Better than FPGA

Better than FPGA

Multi-core heterogeneous compute platform

Xilinx announced a new product category called adaptive compute acceleration platform (ACAP) that goes far beyond the capabilities of an FPGA. An ACAP is a highly integrated multi-core heterogeneous compute platform that can be changed at the hardware level to adapt to the needs of a wide range of applications and workloads. Its adaptability delivers performance per-watt that is unmatched by CPUs or GPUs.

Everest is expected to achieve 20x performance improvement on deep neural networks compared to today?s latest 16nm Virtex VU9P FPGA. (Bild: Xilinx Ltd)

Everest is expected to achieve 20x performance improvement on deep neural networks compared to today’s latest 16nm Virtex VU9P FPGA. (Bild: Xilinx Ltd)

An ACAP is ideally suited to accelerate a broad set of applications in the emerging era of big data and artificial intelligence, e.g. video transcoding, database, data compression, search, AI inference, genomics, machine vision, computational storage and network acceleration. Software and hardware developers will be able to design ACAP-based products for end point, edge and cloud applications. The first ACAP product family, codenamed Everest, will be developed in TSMC 7nm process technology. An ACAP has – at its core – a new generation of FPGA fabric with distributed memory and hardware-programmable DSP blocks, a multicore SoC, and one or more software programmable, yet hardware adaptable, compute engines, all connected through a network on chip (NoC). An ACAP also has highly integrated programmable I/O functionality, ranging from integrated hardware programmable memory controllers, advanced SerDes technology and leading edge RF-ADC/DACs, to integrated High Bandwidth Memory depending on the device variant. Software developers will be able to target ACAP-based systems using tools like C/C++, OpenCL and Python. An ACAP can also be programmable at the RTL level using FPGA tools. Everest is expected to achieve 20x performance improvement on deep neural networks compared to today’s latest 16nm Virtex VU9P FPGA. ACAP has been under development for four years at an accumulated R&D investment of over one billion US-dollars. There are currently more than 1,500 hardware and software engineers designing ACAP and Everest. Software tools have been delivered to key customers. Everest will tape out in 2018 with customer shipments in 2019.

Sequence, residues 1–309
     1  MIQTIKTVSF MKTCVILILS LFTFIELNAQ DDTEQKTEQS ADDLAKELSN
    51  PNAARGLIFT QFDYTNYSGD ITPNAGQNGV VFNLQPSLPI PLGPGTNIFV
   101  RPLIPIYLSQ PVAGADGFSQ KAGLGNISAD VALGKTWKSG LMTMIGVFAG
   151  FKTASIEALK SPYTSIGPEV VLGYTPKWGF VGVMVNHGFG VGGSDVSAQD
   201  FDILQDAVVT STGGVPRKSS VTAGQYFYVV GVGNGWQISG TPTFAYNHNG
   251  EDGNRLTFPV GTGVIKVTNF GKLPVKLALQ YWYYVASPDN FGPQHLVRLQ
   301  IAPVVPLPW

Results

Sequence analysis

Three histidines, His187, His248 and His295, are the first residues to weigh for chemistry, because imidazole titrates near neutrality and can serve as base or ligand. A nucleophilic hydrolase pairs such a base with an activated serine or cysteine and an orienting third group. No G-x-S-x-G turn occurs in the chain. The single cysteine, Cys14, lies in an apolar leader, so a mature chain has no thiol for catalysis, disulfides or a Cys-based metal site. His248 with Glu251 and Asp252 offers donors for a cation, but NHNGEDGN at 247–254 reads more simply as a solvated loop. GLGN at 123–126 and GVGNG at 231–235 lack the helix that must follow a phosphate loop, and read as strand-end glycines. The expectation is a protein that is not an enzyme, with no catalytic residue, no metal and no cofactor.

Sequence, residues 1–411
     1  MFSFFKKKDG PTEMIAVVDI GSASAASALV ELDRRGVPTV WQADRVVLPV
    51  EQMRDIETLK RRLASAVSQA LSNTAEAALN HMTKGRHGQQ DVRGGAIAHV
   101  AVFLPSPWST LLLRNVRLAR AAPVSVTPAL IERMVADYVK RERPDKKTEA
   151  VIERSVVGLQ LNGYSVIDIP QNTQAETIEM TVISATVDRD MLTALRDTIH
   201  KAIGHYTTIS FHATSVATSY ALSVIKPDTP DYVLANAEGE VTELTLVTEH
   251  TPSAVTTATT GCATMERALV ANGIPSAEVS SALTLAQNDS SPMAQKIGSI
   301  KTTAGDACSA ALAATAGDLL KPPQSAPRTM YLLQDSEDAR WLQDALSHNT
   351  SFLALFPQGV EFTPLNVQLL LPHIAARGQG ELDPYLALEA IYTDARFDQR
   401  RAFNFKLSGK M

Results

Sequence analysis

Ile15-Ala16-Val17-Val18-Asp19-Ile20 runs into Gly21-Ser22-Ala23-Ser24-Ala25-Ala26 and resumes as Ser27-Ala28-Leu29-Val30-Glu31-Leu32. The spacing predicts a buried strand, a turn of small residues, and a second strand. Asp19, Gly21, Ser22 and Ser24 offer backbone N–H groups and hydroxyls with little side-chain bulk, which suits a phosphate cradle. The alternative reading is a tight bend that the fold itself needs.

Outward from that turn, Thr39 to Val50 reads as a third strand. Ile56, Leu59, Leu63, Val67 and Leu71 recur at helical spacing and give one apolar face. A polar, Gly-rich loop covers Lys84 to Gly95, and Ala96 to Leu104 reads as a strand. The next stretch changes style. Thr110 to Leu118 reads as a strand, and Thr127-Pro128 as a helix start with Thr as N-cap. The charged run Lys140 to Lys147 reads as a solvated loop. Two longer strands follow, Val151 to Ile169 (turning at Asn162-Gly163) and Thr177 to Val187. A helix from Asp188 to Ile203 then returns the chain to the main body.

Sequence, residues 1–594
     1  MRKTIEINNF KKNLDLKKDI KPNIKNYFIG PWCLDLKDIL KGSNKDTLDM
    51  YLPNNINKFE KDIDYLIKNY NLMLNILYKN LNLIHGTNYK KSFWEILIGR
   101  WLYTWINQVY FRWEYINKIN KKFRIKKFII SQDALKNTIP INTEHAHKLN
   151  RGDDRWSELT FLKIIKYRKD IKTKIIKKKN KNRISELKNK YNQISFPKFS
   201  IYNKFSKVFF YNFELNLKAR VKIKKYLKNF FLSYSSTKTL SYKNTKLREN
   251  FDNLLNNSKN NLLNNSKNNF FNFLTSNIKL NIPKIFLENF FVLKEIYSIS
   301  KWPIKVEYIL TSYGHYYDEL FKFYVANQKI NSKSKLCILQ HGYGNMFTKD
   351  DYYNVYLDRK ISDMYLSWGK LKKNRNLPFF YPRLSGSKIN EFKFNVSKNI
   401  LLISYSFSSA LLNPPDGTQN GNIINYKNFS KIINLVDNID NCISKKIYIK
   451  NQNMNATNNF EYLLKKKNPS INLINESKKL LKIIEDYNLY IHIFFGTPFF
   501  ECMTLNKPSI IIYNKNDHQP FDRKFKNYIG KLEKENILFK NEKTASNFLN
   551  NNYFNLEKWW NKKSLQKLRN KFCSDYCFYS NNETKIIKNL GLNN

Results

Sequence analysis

Thematik: inVISION 3 2018
Ausgabe:
Xilinx Ltd
www.xilinx.com

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